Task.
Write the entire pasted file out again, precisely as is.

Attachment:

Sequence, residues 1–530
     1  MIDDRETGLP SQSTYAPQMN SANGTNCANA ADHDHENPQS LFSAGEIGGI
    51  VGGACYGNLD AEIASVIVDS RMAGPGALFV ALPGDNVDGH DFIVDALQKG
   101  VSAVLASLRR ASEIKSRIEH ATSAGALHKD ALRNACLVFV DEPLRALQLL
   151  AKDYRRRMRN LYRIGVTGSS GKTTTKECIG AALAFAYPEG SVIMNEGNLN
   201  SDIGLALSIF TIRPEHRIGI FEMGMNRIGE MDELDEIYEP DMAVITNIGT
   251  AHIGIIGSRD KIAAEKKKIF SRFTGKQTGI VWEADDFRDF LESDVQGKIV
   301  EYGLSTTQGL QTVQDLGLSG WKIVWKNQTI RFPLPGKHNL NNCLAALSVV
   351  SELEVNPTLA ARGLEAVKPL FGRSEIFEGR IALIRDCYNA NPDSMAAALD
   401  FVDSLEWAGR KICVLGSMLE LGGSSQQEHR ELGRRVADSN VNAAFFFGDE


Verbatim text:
Sequence, residues 1–530
     1  MIDDRETGLP SQSTYAPQMN SANGTNCANA ADHDHENPQS LFSAGEIGGI
    51  VGGACYGNLD AEIASVIVDS RMAGPGALFV ALPGDNVDGH DFIVDALQKG
   101  VSAVLASLRR ASEIKSRIEH ATSAGALHKD ALRNACLVFV DEPLRALQLL
   151  AKDYRRRMRN LYRIGVTGSS GKTTTKECIG AALAFAYPEG SVIMNEGNLN
   201  SDIGLALSIF TIRPEHRIGI FEMGMNRIGE MDELDEIYEP DMAVITNIGT
   251  AHIGIIGSRD KIAAEKKKIF SRFTGKQTGI VWEADDFRDF LESDVQGKIV
   301  EYGLSTTQGL QTVQDLGLSG WKIVWKNQTI RFPLPGKHNL NNCLAALSVV
   351  SELEVNPTLA ARGLEAVKPL FGRSEIFEGR IALIRDCYNA NPDSMAAALD
   401  FVDSLEWAGR KICVLGSMLE LGGSSQQEHR ELGRRVADSN VNAAFFFGDE